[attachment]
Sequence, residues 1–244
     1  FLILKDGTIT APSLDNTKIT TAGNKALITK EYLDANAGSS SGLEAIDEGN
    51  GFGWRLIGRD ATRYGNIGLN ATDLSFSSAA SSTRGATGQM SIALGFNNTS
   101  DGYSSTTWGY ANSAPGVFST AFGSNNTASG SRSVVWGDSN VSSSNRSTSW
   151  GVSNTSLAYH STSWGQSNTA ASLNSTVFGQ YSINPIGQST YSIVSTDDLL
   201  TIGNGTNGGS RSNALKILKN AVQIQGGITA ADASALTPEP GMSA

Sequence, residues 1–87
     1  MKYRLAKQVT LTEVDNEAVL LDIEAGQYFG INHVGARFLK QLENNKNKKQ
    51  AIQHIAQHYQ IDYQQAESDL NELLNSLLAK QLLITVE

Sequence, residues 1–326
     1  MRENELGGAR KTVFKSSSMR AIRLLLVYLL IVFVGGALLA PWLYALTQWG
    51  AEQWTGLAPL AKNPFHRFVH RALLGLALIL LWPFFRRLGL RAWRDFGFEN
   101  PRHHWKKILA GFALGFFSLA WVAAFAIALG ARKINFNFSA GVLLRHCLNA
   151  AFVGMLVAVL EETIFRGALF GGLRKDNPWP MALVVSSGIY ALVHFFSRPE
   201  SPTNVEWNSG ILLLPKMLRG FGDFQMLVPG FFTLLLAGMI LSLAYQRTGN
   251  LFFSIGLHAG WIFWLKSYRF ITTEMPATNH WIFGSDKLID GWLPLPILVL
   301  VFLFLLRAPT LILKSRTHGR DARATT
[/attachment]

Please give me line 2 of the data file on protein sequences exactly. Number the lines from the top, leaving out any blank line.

     1  FLILKDGTIT APSLDNTKIT TAGNKALITK EYLDANAGSS SGLEAIDEGN